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What’s the best sleep position for my baby?

baby girl sleeping in her back

Key points:
1. Babies need a lot of sleep during the early months.
2. The safest sleeping position is on their back.
3. Sudden Infant Death Syndrome (SIDS) risk is reduced with back sleeping.
4. Create a safe sleep environment: appropriate crib, firm surface, no loose objects, comfortable temperature.

During the first months of your little one’s life, they will spend most of the time sleeping. During this stage, sleep will be essential for getting some well-deserved rest and growing in a healthy way. That’s why it is important to know some safety measures and what’s the best sleeping position for your baby.

Remember that every baby is different and that, sometimes, your pediatrician will recommend a different position to cover your child’s specific needs. However, the general recommendation of the American Academy of Pediatrics (AAP) is that, during the first six months, babies should sleep on their backs.

Sudden Infant Death Syndrome (SIDS)

During their first year of life, any baby has a risk of suffering the Sudden Infant Death Syndrome. This phenomenon is still a mystery and the causes are not clear. However, recent findings suggest that when babies sleep on their tummies, they receive less oxygen or can’t exhale enough carbon dioxide. That’s why sleeping on their back is a safer position for your baby since that reduces the probability of suffering SIDS.

Safe sleep environment and sleep positions

Besides the security measure that we’ve already mentioned, there are other important considerations that will contribute to creating a safe environment where your baby can sleep. These are some of them:

Choose a safe crib, bassinet, or bed.

Your baby needs to sleep in a place that follows certain security measures. Frequently check the bed frame to know when it’s time to change it. Make sure it’s not too old or missing any important pieces. Also, the mattress should fit the bedframe correctly.


The best place to sleep is on a firm and safe surface.

Avoid laying your little one on a soft and porous surface. It’s also important to keep the crib free of any loose objects such as pillows, blankets, toys, stuffed animals, etc. These increase the risk of suffocation while your baby sleeps.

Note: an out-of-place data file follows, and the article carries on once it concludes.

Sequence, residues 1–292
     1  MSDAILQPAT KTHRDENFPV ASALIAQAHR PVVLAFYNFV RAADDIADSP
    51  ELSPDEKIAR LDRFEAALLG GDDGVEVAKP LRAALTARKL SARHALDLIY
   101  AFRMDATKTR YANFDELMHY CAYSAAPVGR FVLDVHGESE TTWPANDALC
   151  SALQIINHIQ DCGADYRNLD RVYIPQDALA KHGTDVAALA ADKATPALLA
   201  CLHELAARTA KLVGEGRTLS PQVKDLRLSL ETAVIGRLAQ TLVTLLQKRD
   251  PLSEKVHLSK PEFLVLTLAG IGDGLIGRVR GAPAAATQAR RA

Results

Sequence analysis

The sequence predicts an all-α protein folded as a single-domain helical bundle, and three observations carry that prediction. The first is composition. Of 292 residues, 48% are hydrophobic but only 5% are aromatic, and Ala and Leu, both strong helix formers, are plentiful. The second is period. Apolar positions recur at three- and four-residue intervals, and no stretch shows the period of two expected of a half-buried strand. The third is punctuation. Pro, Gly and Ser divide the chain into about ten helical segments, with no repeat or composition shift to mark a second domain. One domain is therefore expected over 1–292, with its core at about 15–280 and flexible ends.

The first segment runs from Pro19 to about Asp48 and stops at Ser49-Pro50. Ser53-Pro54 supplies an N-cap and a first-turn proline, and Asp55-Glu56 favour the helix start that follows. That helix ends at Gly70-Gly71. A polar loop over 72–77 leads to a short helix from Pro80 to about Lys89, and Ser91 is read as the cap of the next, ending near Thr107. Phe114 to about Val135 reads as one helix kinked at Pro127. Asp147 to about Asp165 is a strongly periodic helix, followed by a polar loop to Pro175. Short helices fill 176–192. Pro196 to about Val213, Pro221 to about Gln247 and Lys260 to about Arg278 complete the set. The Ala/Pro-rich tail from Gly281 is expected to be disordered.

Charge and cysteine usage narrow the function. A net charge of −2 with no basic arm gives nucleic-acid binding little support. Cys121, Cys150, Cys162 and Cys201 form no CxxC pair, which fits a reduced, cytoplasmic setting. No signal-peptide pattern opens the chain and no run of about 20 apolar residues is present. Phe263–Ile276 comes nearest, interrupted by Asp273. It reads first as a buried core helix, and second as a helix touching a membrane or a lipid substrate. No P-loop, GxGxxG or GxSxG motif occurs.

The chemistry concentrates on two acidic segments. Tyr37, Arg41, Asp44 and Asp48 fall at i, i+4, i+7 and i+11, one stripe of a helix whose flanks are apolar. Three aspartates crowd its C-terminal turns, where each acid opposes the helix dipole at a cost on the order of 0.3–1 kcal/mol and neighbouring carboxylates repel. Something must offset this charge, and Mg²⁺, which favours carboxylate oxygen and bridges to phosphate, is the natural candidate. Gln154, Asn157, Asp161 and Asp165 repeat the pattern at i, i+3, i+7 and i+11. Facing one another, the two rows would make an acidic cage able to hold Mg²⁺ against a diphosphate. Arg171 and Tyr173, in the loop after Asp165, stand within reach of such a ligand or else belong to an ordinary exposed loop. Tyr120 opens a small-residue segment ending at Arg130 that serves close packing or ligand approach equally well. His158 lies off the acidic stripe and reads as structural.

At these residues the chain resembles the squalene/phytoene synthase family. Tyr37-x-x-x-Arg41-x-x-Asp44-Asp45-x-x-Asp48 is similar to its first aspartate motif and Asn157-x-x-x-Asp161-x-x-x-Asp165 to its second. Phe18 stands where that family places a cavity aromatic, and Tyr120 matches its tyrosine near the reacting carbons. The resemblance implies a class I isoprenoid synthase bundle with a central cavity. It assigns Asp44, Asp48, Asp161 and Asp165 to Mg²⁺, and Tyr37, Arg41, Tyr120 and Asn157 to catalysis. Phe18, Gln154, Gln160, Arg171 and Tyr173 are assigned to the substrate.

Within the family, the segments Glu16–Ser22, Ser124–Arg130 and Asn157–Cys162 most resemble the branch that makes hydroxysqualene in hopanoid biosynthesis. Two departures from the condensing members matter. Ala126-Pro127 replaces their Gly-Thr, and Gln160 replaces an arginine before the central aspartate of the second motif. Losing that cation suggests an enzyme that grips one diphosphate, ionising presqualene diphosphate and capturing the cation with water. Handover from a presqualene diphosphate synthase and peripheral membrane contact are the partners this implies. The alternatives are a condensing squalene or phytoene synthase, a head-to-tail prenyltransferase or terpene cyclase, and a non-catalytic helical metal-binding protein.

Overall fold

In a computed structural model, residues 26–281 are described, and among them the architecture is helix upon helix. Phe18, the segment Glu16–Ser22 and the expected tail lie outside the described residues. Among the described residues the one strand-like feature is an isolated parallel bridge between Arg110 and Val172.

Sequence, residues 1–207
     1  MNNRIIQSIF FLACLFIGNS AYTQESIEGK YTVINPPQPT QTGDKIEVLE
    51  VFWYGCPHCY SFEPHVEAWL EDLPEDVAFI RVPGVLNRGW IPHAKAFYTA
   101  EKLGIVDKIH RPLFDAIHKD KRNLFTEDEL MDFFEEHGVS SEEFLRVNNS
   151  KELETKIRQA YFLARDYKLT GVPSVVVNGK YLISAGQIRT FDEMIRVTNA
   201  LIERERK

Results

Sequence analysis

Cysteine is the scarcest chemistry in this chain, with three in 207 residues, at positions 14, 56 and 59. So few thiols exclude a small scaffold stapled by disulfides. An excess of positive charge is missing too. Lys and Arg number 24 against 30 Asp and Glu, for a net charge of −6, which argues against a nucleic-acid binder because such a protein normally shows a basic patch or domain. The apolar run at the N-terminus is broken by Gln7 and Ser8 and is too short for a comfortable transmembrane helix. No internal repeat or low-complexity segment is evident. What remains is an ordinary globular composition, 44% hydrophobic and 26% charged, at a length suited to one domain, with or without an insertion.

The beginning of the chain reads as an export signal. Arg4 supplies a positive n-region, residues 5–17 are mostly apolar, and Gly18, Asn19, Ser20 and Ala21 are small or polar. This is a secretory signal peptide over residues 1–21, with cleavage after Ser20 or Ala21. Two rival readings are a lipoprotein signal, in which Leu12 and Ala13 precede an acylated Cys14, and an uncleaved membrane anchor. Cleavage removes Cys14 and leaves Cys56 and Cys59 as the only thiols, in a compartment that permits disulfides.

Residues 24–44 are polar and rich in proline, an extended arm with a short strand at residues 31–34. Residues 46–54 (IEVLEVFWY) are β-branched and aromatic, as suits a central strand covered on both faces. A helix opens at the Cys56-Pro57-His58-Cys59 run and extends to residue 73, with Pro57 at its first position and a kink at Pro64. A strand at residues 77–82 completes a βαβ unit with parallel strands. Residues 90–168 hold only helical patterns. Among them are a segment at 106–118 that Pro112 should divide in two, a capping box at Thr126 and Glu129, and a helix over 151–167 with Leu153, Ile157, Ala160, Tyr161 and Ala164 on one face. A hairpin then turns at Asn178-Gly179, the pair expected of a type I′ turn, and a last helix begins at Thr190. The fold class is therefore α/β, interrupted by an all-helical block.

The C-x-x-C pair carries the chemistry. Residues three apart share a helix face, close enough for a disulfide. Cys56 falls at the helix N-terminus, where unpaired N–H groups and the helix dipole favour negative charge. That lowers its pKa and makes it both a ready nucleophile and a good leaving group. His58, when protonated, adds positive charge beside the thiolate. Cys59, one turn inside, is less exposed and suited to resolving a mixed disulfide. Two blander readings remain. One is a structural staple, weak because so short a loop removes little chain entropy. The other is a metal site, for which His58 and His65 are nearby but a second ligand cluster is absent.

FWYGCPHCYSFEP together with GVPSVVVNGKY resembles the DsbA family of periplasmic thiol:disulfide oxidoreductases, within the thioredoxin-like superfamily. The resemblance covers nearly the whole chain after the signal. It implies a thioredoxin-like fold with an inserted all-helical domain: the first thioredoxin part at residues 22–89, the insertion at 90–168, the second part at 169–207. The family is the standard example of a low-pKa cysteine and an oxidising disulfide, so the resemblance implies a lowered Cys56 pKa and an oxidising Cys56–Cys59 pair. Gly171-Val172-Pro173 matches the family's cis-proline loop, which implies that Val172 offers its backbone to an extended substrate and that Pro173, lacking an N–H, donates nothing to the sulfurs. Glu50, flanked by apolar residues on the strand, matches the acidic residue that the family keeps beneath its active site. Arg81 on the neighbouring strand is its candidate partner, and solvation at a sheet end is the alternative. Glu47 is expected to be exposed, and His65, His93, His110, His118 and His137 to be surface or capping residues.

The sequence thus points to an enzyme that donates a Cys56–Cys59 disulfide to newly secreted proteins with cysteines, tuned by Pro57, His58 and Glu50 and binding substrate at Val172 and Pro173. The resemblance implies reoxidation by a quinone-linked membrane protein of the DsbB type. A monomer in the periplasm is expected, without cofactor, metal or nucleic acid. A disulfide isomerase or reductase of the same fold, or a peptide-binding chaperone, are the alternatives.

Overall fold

Consider sharing the room, but not the bed.

During the first months of life, the AAP recommends babies to sleep in the same room as their parents. However, parents and babies shouldn’t sleep in the same bed. Sharing this sleeping space is a risk for your little one because accidents happen. For example, your baby can get tangled in the bedsheets or you could roll over them.

Perfect temperature.

Keep a pleasant and stable temperature at home. Your baby needs to regulate their body temperature and an optimal one will allow them to feel more comfortable.

Give them a pacifier.

Recent studies show that pacifiers can reduce the risk of SIDS. Just make sure it is made of one piece, instead of two.

Lastly, if your baby falls asleep in a car seat, stroller, swing, or baby carrier, they should be laid down on a firm surface as soon as possible.

Remember that it’s important that they sleep on their back, but that they also need to spend tummy time while they’re awake, always under an adult’s supervision. This will help them strengthen their upper body muscles, control their head, and will avoid the possibility of developing flat areas on the back of their skull.

Finally, if your baby is already able to roll from their back to their tummy and back, you can let them sleep in this position. Just make sure that their crib is object-free. Also, it’s very likely that as they grow, they’ll be more active even while sleeping. So, don’t worry if they can’t stay in just one position. Allow them to sleep in a way that’s more comfortable for them and check them often to make sure everything’s fine.

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3 Responses

  1. What about when your baby can only roll from back to tummy? My 4.5 month old keeps rolling onto his tummy in his sleep but doesn’t have the ability to roll back yet.

    1. Hi, Imogen! Babies can roll from back to tummy when they’re about 5 or 6 months, because they need stronger neck and arm muscles for that movement.

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